Angola 3’s Herman Wallace Is Gravely Ill—But Still on Permanent Lockdown

After 41 years in solitary, a diagnosis of liver cancer.

Herman Wallace (left) and Albert Woodfox as young men.<a href="">In the Land of the Free</a>

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Herman Wallace, 71, has been diagnosed with liver cancer. He is being held in a locked prison hospital room at the Elayn Hunt Correctional Center at St. Gabriel, Louisiana. The prognosis is grave, according to persons with direct knowledge of the situation. Wallace is one of the two members of the Angola 3 who, along with Albert Woodfox, is still being held in solitary after more than 41 years.

Tessa Murphy, US Campaigner for Amnesty International, which has taken up the case, said in an email, “The tens of thousands of Amnesty International supporters worldwide who have campaigned over the years for justice in Herman and Albert’s case will be devastated by this sad news. Herman and Albert have been held in cruel conditions of confinement for over 40 years without meaningful review; neither of the men have disciplinary record to indicate that they are a threat to themselves, fellow prisoners or staff, and the Louisiana prison authorities have since 1996 broken their own policy to justify the men’s continued detention under these conditions.”

Convicted of armed robbery, the men were sent to Angola in 1971. Wallace and Woodfox were Black Panthers, and they began organizing to improve conditions at the prison, which did not win them points with the prison administration. In 1972 they were prosecuted and convicted for the murder of a prison guard named Brent Miller. They have been fighting the conviction ever since, pointing out (PDF) that one of the eyewitnesses was legally blind and the other was a known prison snitch who was rewarded for his testimony. After the murder, the two—along with a third inmate named Robert King—were put in solitary, where they have remained ever since. (King was released in 2001, after 29 years in solitary, when his conviction in a separate prison murder was overturned.) Several years ago, Wallace and Woodfox were transferred to separate prisons, but they are still held in solitary.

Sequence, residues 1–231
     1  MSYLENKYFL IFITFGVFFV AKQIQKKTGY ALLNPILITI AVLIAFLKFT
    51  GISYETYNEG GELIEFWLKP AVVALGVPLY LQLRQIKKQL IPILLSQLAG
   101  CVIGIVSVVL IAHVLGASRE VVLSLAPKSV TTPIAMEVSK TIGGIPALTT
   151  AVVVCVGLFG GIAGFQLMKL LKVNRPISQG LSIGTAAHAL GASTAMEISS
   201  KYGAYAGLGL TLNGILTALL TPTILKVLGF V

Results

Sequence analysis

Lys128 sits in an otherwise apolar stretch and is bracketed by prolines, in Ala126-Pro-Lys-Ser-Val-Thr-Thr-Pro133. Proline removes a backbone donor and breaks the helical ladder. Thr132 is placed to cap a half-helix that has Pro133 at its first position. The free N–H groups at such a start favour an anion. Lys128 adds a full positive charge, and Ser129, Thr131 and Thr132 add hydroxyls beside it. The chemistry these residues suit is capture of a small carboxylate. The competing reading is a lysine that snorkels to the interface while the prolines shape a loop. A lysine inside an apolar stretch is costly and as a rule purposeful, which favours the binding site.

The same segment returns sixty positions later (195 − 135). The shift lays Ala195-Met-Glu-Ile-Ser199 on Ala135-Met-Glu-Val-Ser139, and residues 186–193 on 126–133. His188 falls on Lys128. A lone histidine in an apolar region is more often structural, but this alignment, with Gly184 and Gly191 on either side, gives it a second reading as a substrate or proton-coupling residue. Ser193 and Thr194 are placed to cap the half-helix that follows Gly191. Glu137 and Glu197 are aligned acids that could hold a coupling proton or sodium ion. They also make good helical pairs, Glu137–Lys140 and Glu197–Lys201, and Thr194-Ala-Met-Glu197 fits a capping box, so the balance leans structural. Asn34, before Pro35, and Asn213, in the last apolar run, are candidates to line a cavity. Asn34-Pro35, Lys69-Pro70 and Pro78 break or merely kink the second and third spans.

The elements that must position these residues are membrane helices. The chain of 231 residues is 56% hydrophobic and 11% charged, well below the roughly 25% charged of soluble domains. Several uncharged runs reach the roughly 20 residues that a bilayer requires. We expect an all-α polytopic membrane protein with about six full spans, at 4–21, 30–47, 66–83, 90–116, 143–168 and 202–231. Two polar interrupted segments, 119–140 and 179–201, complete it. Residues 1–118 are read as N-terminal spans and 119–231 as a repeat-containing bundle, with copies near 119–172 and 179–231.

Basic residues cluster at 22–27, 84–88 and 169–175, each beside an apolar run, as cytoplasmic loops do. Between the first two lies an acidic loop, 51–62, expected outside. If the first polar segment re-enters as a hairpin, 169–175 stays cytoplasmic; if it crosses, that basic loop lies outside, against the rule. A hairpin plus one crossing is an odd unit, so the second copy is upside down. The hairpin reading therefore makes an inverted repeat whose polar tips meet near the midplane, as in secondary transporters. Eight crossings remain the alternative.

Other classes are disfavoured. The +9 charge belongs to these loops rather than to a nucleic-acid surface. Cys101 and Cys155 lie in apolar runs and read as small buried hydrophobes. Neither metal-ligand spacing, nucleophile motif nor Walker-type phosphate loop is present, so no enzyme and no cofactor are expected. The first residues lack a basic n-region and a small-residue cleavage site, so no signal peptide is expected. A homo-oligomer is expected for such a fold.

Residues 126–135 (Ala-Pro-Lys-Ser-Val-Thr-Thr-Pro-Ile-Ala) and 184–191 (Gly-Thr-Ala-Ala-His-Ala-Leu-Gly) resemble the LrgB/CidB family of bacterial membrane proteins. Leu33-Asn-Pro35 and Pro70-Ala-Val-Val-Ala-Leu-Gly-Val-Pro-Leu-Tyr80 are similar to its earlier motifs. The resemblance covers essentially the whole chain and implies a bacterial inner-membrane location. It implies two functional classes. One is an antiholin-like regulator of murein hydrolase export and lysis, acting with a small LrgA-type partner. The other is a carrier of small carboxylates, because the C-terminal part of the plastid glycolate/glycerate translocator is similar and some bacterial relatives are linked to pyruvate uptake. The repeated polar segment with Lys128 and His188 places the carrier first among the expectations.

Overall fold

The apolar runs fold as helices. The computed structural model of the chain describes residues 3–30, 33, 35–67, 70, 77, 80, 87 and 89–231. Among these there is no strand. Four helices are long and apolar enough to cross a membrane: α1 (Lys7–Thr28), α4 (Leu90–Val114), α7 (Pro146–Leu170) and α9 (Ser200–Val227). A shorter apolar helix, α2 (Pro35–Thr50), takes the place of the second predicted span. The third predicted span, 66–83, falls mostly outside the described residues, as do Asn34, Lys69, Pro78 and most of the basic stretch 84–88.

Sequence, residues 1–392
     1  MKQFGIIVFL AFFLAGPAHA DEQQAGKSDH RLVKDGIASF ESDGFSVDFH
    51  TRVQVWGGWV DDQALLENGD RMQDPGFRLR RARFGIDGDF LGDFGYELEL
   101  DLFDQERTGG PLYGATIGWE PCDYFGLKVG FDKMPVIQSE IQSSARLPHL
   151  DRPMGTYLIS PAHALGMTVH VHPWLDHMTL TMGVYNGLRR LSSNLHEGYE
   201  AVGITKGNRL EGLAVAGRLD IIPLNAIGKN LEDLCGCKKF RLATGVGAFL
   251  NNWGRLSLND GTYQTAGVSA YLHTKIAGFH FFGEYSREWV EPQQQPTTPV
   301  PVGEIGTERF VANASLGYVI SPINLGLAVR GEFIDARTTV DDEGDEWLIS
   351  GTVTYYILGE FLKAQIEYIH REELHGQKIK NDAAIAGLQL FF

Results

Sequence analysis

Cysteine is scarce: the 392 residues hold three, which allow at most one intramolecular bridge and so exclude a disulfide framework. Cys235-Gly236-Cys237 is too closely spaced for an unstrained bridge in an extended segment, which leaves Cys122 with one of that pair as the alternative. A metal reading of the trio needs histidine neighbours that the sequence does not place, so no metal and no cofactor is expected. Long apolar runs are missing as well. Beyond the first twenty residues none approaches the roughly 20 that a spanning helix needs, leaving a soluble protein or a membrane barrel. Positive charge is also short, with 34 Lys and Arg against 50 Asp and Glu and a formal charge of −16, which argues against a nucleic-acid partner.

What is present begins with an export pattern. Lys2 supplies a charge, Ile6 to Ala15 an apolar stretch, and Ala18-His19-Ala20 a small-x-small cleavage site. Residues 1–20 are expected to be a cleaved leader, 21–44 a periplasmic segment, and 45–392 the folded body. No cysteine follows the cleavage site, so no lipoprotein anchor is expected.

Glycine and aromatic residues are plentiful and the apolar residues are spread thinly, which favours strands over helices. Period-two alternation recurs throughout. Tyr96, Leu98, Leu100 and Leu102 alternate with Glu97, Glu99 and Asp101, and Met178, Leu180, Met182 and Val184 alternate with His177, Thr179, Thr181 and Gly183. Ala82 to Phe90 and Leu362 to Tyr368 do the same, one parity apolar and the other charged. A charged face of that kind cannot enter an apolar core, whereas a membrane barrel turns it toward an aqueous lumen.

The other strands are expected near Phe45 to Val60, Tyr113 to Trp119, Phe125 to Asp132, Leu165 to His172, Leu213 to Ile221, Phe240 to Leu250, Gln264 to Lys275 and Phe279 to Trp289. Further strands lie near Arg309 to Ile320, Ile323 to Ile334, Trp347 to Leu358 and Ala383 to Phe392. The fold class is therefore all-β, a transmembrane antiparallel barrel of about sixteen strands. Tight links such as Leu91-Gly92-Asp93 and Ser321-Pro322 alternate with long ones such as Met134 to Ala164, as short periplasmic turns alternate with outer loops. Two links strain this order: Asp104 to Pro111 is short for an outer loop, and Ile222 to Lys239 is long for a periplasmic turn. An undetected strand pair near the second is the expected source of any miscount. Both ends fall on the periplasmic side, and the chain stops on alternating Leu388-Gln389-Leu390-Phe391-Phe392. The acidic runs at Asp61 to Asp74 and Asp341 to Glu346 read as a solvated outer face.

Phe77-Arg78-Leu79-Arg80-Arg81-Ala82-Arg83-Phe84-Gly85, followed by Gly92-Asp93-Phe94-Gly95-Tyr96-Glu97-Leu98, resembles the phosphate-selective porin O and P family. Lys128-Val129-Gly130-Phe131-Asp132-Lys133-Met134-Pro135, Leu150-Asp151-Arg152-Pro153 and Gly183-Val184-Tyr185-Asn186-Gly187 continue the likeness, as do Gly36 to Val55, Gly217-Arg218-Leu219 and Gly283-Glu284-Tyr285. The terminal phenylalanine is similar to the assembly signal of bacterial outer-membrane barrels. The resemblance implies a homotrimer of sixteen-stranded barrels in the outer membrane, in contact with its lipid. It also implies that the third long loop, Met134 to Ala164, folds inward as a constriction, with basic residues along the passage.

Angola Warden Burl Cain has stated in a deposition that “Albert Woodfox and Herman Wallace is locked in time with that Black Panther revolutionary actions they were doing way back when.” If he released them to the general population, he said, “I would have me all kinds of problems, more than I could stand, and I would have the blacks chasing after them.” Louisiana Attorney General James “Buddy” Caldwell has likewise promised to keep Wallace and Woodfox behind bars. (He claims they “have never been held in solitary confinement.”)

Woodfox’s conviction was overturned earlier this year for the third time, but he remains in prison while the state appeals. Wallace lost his latest challenge, but continues to fight the murder conviction. A civil case, meanwhile, has been filed to challenge the men’s four decades of solitary confinement on First, Eighth, and Fourteenth Amendment grounds.

Herman Wallace